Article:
Later that same year, Hüsker Dü released the even poppier Flip Your Wig, their final record for the independent powerhouse label SST. Rapidly gaining popularity with a more mainstream audience, the band caused a stir by signing to a major label (Warner Bros.), thereby opening the floodgates for numerous other underground bands, like the Pixies, Sonic Youth, and, most importantly, Nirvana.
Transitioning even further into what would become known as “college rock” or “alternative rock,” Hüsker Dü’s manic output culminated with Candy Apple Grey (1986) and yet another double album, Warehouse: Songs and Stories (1987). The latter boasted the most crisp and creative drumming of Hart’s career. Highlights include the sassy offbeat funk groove in “You Can Live at Home,” the pounding faux-double bass fadeout of “Ice Cold Ice,” the frantic grace-note-heavy waltz of “She Floated Away,” and the drum corps-inspired snare breaks in “Tell You Why Tomorrow.”
Burnt out from non-stop touring and well-publicized personal issues, Hüsker Dü broke up suddenly in January 1988, never properly capitalizing on all their hard work. While there is little chance for a reunion (Hart and Mould aren’t exactly the best of friends), there exists a surprising amount of quality YouTube footage of the band in their prime, ripping up stages all over the world. Hart routinely shines in these clips, delivering a compelling lead vocal while laying into his Slingerland Radio Kings with Keith Moon–like flair.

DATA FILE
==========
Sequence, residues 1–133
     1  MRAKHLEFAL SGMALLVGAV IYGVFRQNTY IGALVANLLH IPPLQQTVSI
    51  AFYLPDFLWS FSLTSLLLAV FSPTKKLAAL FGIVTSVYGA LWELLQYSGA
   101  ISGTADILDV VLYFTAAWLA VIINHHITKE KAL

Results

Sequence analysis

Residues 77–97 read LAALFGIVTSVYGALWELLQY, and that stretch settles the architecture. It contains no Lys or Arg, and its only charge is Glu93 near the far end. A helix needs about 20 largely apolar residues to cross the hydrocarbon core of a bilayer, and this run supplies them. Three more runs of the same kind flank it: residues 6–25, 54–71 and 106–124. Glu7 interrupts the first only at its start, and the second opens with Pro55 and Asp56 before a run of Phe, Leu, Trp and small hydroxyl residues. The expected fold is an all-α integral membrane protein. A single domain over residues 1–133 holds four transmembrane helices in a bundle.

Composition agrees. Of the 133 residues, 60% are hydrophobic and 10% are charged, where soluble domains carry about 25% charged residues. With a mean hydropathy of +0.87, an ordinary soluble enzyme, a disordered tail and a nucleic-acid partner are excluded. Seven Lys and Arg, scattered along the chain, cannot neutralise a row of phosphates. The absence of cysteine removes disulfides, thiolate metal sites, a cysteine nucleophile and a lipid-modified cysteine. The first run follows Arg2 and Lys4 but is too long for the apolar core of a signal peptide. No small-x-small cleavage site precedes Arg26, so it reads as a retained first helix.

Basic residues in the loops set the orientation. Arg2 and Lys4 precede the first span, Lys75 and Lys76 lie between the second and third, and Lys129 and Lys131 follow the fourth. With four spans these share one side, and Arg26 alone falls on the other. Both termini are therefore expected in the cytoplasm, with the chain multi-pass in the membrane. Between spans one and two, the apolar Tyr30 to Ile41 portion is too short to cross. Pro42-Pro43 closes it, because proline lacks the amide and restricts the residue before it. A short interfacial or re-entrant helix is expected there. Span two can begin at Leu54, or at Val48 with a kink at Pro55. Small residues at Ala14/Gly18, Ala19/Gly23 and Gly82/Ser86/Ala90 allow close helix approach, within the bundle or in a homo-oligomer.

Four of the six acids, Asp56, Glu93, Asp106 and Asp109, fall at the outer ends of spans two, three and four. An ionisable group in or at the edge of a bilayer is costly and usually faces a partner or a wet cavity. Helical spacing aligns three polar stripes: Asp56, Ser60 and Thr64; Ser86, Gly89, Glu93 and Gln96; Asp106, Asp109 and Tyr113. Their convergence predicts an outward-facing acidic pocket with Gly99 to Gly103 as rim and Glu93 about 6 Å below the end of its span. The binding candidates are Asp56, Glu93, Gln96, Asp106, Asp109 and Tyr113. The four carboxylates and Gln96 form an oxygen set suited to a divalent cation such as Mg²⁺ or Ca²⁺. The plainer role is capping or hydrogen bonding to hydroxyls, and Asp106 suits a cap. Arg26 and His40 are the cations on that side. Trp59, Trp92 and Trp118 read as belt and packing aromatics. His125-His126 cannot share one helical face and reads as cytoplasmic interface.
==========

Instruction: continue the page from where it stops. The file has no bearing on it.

Perhaps the best lesson a new generation of drummers can learn from Hart is to simply play from the gut. Hüsker Dü boldly blazed their own trail, never once being concerned with conforming to a particular image, sound, or scene. “Don’t worry about fitting in,” says Hart in a sage-like voice. “Do what’s right and fit into that. To thine own self be true.”
For much more with Grant Hart, pick up the January 2012 issue of Modern Drummer magazine.